Entity

Time filter

Source Type

Belvedere Marittimo, Turkey

Rendina D.,University of Naples Federico II | De Palma D.,University of Naples Federico II | De Filippo G.,University of Naples Federico II | De Pascale F.,University of Naples Federico II | And 7 more authors.
Hormone and Metabolic Research | Year: 2015

Simple nodular goiter and Hashimoto's thyroiditis are 2 frequent nonmalignant thyroid diseases. Tobacco smoking has detrimental effects on the endocrine system and in particular on thyroid function and morphology. The objective of this cross-sectional study, involving 1800 Caucasian adults from a geographical area with mild iodine deficiency, was to evaluate the relationship between tobacco smoking, smoking cessation, and the prevalence of simple nodular goiter and Hashimoto's thyroiditis. Thyroid status was evaluated by ultrasonic exploration of the neck, measurement of FT3, FT4, TSH, antibodies against thyroid peroxidase and thyroglobulin, and urinary iodine excretion. The fine-needle aspiration biopsy of significant nodules was also performed. Smoking habits were evaluated by a specific questionnaire and the calculation of number of pack years. Both current and previous smokers showed an increased risk of simple nodular goiter compared to never smokers after adjustment for potential confounders and known goitrogen factors. Interestingly, the simple nodular goiter risk was similar for never smokers and for previous smokers declaring a time since cessation of smoking for more than 69 months. Smoking habit was not associated to an increased risk of Hashimoto's thyroiditis. Smoking appears to be an independent risk factor for simple nodular goiter but not for Hashimoto's thyroiditis in an area with mild iodine deficiency. A prolonged withdrawal of smoking dramatically reduces the risk of simple nodular goiter occurrence. © Georg Thieme Verlag KG Stuttgart. New York. Source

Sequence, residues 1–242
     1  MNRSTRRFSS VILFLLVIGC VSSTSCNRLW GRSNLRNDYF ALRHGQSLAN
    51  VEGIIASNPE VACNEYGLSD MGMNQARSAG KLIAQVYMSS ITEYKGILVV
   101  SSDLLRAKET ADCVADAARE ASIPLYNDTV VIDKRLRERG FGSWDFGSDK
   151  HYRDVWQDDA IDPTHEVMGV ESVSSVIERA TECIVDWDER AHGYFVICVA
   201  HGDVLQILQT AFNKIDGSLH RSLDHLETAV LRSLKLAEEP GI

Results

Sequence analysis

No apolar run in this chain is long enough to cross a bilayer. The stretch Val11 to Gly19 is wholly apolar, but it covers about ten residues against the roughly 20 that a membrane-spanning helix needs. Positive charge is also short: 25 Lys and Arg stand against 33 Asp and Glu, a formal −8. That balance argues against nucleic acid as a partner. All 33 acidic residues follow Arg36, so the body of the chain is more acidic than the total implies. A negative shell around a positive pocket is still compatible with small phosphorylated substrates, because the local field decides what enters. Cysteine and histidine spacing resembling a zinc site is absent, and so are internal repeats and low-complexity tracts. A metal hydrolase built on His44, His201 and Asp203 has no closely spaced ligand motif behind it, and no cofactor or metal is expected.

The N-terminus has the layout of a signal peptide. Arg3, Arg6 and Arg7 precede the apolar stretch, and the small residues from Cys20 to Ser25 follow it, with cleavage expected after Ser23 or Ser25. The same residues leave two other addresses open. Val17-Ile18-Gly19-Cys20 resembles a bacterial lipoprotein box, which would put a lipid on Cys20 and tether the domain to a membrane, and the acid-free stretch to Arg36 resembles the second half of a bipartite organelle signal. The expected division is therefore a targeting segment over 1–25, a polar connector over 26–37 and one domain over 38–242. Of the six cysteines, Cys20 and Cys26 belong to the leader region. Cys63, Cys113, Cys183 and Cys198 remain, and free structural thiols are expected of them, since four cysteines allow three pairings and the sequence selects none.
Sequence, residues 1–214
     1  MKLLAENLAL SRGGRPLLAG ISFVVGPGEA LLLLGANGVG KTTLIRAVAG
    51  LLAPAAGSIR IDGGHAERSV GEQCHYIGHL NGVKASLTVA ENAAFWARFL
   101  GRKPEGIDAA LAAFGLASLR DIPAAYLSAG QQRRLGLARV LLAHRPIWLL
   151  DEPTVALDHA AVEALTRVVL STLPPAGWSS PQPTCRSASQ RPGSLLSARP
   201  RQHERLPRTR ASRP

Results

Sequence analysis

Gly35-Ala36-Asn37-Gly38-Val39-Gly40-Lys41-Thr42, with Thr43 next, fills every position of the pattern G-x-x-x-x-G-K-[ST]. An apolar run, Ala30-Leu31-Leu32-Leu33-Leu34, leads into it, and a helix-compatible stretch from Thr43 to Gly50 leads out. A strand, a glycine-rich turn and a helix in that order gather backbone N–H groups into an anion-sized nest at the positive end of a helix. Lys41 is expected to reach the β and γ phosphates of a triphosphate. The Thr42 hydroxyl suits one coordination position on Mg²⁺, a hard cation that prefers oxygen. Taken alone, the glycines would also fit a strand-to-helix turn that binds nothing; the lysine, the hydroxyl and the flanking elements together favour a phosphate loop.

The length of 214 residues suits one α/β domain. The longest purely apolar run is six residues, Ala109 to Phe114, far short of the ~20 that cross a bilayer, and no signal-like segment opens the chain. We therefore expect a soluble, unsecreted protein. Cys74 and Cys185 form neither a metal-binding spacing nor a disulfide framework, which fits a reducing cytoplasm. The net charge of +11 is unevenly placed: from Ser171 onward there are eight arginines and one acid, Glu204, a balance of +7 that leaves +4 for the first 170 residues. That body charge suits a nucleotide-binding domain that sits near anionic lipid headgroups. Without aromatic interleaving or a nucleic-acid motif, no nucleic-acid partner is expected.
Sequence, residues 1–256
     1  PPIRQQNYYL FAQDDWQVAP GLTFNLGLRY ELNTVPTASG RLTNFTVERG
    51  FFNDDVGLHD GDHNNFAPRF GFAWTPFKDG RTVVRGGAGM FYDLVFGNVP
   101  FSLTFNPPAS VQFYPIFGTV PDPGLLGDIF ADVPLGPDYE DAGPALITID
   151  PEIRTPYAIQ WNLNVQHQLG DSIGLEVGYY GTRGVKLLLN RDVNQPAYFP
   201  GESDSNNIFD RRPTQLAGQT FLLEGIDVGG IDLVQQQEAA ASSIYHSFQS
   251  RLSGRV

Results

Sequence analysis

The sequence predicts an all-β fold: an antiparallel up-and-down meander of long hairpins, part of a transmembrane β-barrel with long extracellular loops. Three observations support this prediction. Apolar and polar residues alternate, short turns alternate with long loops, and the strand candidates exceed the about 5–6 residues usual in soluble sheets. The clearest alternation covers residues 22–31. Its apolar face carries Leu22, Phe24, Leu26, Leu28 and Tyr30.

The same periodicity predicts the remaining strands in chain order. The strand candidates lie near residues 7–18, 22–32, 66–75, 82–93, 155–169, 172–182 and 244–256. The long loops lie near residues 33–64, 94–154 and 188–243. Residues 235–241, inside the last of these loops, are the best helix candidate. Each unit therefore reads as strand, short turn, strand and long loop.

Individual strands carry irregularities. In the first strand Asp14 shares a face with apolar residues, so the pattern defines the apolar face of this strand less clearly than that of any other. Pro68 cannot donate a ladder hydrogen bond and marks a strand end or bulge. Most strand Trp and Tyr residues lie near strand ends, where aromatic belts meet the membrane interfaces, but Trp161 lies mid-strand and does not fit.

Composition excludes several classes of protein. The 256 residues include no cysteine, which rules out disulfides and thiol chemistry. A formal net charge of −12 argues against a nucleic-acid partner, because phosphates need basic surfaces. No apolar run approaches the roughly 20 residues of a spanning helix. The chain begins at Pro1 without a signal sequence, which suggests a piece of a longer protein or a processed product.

Rendina D.,University of Naples Federico II | De Filippo G.,University of Naples Federico II | Mossetti G.,University of Naples Federico II | Zampa G.,University of Naples Federico II | And 8 more authors.
Journal of Endocrinological Investigation | Year: 2012

Background: Obesity and insulin resistance predispose individuals to the development of both metabolic syndrome and non-toxic nodular thyroid diseases. Aim: The aim of this observational, cross-sectional study is to evaluate the relationship between metabolic syndrome and multinodular nontoxic goiter in an inpatient population from a geographic area with moderate iodine deficiency. Subjects and methods: We examined 1422 Caucasian euthyroid inpatients. Thyroid volume was determined by ultrasound of the neck. A fine-needle aspiration biopsy was performed to evaluate single thyroid nodules and dominant nodules ≥15 mm in euthyroid multinodular goiter. The diagnosis of metabolic syndrome was made according to the criteria of the American Heart Association/National Heart, Lung, and Blood Institute. Results: Of the sample, 277 patients had clinical evidence of multinodular nontoxic goiter, 461 met the criteria for the diagnosis of metabolic syndrome, and 132 were found to have both conditions. After adjusting for age, gender, body mass index, nicotinism, parity, alcohol intake, thyroid function, and metabolic syndrome-related pharmacological treatment, metabolic syndrome was found to be an independent risk factor for the occurrence of multinodular non-toxic goiter. The relationship between metabolic syndrome and multi nodular non-toxic goiter was apparent in both men and women. Conclusions: In this study of euthyroid inpatients, we demonstrate that metabolic syndrome is an independent risk factor for the occurrence of multinodular non-toxic goiter in a geographic area with moderate iodine deficiency. We propose that patients meeting the criteria for metabolic syndrome should be screened for the presence of multinodular non-toxic goiter. ©2011, Editrice Kurtis. Source

Discover hidden collaborations